Abandoned by his eccentric wife, a Serbian railway engineer (Stimac) is forced to choose between his conscripted, football-mad son (Vuk Kostic) and the Muslim nurse (Solak) who has become his lover, when an exchange of prisoners is arranged during the Bos
While his latest exercise in absurdist realism marks a welcome return to filmmaking after a six-year sabbatical, Kusturica is somewhat guilty of peddling old ideas, the much-lauded Bosnian director here revisiting several trademark themes. He's also culpable of devoting so much energy to his invigorating set-pieces that he neglects the kind of intellectual rigour that made 1995's Underground such a compelling masterpiece.
Fittingly for a story involving a wannabe soccer star, this is very much a film of two halves. The first sees Luka (Stimac) striving to balance his obsession with bringing tourism to the tiny town of Golobuci with the erratic behaviour of his dotty wife Jadranka (Trivalic) and the ambitions of their self-centred son, Milos (Kostic). The fogbound, floodlit football match and Milos' equally chaotic going-away party are classic Kusturica combinations of madcap black comedy and delirious Gypsy jazz.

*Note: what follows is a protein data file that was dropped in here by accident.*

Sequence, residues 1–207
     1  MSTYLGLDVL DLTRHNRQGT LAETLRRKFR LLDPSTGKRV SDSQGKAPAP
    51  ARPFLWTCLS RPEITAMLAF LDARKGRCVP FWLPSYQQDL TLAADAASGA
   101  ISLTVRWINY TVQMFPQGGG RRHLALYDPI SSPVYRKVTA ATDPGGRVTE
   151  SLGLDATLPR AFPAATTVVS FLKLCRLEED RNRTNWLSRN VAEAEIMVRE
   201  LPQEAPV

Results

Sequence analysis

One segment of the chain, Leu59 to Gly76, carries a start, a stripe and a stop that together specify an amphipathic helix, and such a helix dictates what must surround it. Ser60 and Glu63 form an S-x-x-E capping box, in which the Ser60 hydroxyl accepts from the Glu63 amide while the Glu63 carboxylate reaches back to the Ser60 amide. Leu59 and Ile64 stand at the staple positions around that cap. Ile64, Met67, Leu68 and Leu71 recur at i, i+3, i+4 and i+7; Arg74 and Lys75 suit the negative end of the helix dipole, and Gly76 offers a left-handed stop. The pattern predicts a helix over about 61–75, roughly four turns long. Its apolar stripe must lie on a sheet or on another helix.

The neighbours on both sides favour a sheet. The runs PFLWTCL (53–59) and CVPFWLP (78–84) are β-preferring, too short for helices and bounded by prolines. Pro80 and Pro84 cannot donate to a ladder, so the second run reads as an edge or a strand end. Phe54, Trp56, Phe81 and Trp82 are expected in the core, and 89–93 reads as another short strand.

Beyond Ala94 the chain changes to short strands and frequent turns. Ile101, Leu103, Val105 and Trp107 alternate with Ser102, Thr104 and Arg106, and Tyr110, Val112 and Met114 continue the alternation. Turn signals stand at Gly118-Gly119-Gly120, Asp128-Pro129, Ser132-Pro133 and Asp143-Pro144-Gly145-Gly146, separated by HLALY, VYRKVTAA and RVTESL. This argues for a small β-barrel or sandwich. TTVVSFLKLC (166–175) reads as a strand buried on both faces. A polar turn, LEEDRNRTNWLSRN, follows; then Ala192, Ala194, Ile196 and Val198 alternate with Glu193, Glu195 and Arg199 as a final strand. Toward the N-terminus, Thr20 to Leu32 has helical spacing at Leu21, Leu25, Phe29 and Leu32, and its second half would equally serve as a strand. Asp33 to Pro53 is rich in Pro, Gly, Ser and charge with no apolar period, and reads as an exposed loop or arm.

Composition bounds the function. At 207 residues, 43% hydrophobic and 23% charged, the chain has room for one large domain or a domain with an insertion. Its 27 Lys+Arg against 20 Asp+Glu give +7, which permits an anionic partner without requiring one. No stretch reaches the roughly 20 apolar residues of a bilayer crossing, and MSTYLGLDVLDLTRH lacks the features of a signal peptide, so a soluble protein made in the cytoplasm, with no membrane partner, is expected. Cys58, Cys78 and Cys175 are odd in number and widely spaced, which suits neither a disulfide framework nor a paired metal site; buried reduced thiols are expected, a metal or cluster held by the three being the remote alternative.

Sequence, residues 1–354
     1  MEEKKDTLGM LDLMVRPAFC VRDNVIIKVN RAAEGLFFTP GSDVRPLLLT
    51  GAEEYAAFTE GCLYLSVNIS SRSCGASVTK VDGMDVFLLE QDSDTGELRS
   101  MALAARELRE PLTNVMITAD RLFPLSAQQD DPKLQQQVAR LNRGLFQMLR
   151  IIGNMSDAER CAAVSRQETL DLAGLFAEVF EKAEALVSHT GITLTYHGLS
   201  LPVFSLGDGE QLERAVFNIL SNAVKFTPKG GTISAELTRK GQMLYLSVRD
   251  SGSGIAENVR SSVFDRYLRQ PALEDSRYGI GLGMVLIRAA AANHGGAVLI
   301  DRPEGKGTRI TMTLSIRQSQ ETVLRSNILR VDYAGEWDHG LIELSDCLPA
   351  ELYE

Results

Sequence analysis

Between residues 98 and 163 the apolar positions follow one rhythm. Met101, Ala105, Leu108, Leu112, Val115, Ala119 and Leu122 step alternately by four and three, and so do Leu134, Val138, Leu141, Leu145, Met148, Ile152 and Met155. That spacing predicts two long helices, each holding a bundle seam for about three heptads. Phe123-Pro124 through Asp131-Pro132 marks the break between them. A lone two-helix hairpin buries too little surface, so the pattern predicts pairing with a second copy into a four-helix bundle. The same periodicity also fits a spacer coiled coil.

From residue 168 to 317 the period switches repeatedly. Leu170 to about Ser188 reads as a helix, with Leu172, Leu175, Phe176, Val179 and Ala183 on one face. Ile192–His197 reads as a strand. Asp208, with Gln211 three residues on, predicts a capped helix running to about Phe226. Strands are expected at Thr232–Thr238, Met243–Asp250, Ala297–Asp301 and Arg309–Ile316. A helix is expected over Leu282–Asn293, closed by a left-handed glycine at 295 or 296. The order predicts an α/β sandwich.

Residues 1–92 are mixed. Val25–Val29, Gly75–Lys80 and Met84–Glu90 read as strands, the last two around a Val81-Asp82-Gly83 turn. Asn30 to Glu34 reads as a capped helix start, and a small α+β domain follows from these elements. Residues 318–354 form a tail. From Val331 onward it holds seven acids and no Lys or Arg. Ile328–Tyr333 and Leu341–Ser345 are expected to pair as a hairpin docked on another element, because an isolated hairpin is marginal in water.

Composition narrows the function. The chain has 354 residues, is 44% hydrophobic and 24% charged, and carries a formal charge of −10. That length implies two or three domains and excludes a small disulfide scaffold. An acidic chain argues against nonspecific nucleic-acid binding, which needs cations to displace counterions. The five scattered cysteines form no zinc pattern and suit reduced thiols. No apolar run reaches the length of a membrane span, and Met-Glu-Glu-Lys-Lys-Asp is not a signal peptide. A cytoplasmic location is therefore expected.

However, apart from a delightfully melancholic donkey, there's little to match any of this in the overly elegiac conclusion, as clumsy Shakespearean parallels come to dominate Stimac's romance with nurse Sabaha (Solak) after Jadranka leaves him. Still, with all its off-kilter vitality, even flawed Kusturica remains superior to much of Hollywood's output.
Less effective than the director's past work, but there's no denying that it's packed with life-affirming incident.